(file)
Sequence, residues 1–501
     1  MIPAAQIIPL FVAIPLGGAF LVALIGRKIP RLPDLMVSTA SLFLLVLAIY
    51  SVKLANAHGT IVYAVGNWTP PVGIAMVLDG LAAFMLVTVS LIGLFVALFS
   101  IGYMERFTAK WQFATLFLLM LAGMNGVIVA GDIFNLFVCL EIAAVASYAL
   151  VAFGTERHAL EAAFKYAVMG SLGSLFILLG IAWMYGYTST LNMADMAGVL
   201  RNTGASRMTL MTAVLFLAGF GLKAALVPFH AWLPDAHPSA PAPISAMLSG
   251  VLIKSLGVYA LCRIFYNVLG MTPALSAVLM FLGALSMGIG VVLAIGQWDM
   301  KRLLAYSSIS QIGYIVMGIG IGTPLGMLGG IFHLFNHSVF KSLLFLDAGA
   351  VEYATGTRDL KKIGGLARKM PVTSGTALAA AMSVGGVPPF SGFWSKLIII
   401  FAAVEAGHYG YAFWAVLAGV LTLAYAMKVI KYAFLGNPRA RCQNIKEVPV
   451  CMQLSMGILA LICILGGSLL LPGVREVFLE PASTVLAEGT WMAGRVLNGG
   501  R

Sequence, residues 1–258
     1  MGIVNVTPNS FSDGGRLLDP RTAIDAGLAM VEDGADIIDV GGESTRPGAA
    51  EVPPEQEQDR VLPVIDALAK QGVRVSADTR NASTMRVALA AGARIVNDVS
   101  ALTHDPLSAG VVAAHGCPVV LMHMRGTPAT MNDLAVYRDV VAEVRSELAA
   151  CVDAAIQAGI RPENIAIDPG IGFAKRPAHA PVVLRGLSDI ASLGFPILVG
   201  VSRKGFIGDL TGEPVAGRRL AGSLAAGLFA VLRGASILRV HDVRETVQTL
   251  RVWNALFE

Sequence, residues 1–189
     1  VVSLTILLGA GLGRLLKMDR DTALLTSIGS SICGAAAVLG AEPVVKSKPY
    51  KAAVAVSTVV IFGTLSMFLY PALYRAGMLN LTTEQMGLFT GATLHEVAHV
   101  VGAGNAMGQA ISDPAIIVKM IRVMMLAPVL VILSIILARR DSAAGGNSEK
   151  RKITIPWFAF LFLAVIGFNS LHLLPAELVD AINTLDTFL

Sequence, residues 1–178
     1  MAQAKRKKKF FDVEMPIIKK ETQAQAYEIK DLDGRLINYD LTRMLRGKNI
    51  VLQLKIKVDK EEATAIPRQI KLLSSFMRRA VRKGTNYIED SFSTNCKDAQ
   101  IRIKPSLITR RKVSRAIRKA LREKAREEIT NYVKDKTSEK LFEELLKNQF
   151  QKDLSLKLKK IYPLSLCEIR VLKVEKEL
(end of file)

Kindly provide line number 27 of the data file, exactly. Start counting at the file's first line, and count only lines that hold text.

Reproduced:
    51  VLQLKIKVDK EEATAIPRQI KLLSSFMRRA VRKGTNYIED SFSTNCKDAQ